What is a Falconer?

A falconer practices the ancient art of training and hunting with falcons and other birds of prey. Falconry, also known as hawking, is a traditional hunting method that dates back thousands of years and has been practiced in various cultures around the world. Falconers develop a deep bond with their birds and train them to hunt in partnership, using their natural instincts and abilities.

Falconry is not just a sport or hobby; it is a way of life that requires dedication, patience, and a deep appreciation for nature. Falconers often participate in falconry clubs and events to connect with others who share their passion and to showcase the beauty and skill of this ancient art form. Today, falconry is practiced both for conservation purposes, such as raptor rehabilitation and population management, as well as for recreational purposes, allowing enthusiasts to experience the thrill of hunting in a traditional and sustainable manner.

What does a Falconer do?

A falconer reaching out his arm so the falcon can land.

Falconers have a responsibility to care for their birds and engage in falconry practices that prioritize the welfare of the birds and respect for the natural environment. They also play a crucial role in preserving the cultural heritage and knowledge associated with this ancient art form.

Duties and Responsibilities
The duties and responsibilities of a falconer revolve around the care, training, and hunting partnership with birds of prey. Here are some key responsibilities of a falconer:

  • Bird Care: Falconers are responsible for the health and well-being of their birds. This includes providing appropriate housing, such as mews (falconry enclosures), and ensuring the birds have access to proper nutrition, fresh water, and a suitable environment. Regular veterinary check-ups and vaccinations are also part of their duties.
  • Training and Conditioning: Falconers spend a significant amount of time training their birds to develop a strong bond and establish trust. This involves teaching the bird to respond to commands, such as returning to the glove or perch. They also work on conditioning the bird's fitness and hunting skills through exercise and simulated hunting sessions.
  • Hunting and Fieldwork: One of the primary responsibilities of a falconer is to engage in hunting with their birds. This involves carefully selecting appropriate prey species and locations, understanding local regulations and hunting seasons, and ensuring that the hunt is conducted ethically and legally. Falconers must have a deep understanding of their bird's abilities and behavior to ensure successful hunts while minimizing risks to the bird and the environment.
  • Conservation and Education: Falconers often contribute to the conservation of birds of prey by participating in rehabilitation programs, breeding projects, and public education initiatives. They promote the understanding and appreciation of raptors, their natural habitats, and the importance of their conservation.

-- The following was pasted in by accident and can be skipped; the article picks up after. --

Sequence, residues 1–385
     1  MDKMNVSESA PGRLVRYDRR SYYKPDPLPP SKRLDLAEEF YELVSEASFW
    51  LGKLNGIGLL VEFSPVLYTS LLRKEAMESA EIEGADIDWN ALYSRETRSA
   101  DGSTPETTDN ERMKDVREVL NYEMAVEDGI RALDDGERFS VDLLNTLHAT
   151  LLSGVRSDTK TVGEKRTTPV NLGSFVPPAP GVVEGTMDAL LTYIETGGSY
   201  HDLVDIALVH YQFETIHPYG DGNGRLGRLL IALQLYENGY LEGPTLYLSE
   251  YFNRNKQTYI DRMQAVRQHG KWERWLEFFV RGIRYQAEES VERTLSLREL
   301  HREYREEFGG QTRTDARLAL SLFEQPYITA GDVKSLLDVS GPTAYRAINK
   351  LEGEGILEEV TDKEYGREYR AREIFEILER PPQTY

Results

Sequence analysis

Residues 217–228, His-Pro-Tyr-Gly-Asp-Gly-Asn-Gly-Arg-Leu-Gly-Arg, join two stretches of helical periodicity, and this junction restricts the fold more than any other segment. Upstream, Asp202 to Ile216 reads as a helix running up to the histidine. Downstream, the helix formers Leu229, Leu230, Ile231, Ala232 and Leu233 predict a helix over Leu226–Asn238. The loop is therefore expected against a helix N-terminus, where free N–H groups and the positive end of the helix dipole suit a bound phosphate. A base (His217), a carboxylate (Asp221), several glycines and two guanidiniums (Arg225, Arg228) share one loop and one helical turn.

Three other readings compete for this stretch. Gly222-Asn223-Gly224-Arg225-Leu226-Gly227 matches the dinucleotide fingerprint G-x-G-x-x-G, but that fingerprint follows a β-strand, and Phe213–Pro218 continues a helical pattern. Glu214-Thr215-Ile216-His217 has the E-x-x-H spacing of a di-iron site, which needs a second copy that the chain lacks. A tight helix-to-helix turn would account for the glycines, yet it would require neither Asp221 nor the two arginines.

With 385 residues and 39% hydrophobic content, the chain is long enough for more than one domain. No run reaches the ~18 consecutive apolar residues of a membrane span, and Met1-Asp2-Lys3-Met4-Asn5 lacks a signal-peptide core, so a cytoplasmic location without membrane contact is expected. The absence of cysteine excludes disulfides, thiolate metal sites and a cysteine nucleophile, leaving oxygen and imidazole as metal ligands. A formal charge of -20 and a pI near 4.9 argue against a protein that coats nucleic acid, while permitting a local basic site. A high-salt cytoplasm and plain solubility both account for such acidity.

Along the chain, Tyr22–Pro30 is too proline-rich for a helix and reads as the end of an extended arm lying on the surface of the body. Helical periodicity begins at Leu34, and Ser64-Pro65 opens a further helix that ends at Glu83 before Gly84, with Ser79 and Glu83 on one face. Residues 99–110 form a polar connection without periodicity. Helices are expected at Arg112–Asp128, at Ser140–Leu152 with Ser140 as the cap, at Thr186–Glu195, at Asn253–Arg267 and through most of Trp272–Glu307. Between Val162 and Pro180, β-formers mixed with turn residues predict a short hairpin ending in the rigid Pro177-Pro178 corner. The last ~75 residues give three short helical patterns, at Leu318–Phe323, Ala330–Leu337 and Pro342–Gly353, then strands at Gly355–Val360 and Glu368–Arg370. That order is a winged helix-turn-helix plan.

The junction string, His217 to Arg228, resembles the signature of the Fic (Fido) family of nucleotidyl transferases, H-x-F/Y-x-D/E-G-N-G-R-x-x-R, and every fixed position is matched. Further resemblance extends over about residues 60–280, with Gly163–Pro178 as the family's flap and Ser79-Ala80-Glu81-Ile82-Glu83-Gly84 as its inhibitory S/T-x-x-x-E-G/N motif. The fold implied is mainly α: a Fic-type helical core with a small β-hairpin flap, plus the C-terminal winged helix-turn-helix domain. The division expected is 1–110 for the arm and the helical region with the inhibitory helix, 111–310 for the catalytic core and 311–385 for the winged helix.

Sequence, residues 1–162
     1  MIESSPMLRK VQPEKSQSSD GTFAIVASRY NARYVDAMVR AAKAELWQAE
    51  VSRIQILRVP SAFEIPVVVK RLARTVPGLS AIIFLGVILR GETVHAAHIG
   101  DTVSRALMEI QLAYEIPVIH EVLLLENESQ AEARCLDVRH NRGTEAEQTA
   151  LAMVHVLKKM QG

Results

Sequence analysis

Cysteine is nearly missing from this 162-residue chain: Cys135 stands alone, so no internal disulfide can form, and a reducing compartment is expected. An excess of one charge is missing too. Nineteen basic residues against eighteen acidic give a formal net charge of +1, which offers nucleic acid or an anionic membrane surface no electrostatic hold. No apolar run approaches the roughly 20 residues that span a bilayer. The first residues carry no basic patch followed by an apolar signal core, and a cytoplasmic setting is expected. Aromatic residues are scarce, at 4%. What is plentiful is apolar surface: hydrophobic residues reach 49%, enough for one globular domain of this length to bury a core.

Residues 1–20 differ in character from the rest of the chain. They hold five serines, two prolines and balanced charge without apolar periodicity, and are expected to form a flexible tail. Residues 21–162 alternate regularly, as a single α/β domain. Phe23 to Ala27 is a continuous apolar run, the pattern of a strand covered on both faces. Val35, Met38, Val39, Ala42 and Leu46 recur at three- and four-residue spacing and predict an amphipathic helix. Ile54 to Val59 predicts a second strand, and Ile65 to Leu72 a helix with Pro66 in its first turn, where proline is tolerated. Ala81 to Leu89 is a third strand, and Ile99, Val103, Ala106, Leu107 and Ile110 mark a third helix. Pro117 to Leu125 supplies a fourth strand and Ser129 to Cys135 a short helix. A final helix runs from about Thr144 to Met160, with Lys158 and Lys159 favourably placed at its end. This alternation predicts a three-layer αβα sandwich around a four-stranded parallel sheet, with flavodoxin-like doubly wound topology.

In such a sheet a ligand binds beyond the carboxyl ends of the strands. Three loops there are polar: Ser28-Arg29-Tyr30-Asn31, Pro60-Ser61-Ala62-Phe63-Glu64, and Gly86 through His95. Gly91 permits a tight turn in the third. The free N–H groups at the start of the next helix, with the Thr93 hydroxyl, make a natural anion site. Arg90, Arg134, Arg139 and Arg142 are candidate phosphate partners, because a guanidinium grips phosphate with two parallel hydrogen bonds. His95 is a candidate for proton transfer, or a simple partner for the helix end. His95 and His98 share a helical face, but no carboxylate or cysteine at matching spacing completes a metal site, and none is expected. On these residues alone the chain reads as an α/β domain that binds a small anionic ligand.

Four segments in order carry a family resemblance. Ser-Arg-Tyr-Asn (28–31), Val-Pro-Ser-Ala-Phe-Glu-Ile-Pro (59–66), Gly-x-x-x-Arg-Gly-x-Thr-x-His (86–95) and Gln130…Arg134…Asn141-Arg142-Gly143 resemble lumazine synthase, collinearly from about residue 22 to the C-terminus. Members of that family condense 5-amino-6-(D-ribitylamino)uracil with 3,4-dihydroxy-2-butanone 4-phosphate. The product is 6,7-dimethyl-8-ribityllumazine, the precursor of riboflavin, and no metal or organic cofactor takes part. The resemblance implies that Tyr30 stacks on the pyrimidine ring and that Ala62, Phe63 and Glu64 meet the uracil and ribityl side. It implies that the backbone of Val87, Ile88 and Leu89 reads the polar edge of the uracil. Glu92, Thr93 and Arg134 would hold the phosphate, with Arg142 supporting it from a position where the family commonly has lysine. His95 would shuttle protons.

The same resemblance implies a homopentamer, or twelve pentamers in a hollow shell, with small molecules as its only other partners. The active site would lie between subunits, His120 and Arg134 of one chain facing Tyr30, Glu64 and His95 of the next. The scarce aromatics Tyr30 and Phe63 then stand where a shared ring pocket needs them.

• Legal Compliance: Falconers must adhere to the regulations and laws specific to falconry in their respective regions. This includes obtaining the necessary permits and licenses, maintaining proper records, and participating in inspections or reporting requirements as mandated by local authorities.

Falconry Equipment
Falconers use a variety of specialized equipment to aid in the training, handling, and hunting of their birds.

  • Falconry Glove: A falconry glove is a thick leather glove worn on the falconer's hand. It provides protection from the bird's sharp talons while offering a secure perch for the bird to land on. The glove allows the falconer to handle and control the bird during training and hunting sessions.
  • Jesses and Leashes: Jesses are thin leather straps that are attached to the bird's legs. They serve as a means of safely tethering the bird and allow the falconer to maintain control over the bird's movements. Leashes are longer straps or cords that provide additional security when the bird is flying free but still connected to the falconer.
  • Bells: Bells are attached to the bird's legs or equipment, such as the hood, to help locate and track the bird during flight. The sound of the bell makes it easier for the falconer to keep track of the bird's movements, especially when it is out of sight.
  • Hood: A hood is a fitted cover that is placed over the bird's head, covering its eyes. It helps in calming and restraining the bird during transportation and periods of rest. The hood is removed when the bird is ready for hunting or training.
  • Lure: A lure is a decoy used to simulate prey during training exercises. It typically resembles the bird's natural quarry and is used to reinforce hunting instincts and recall commands. The falconer swings or throws the lure to encourage the bird to pursue it.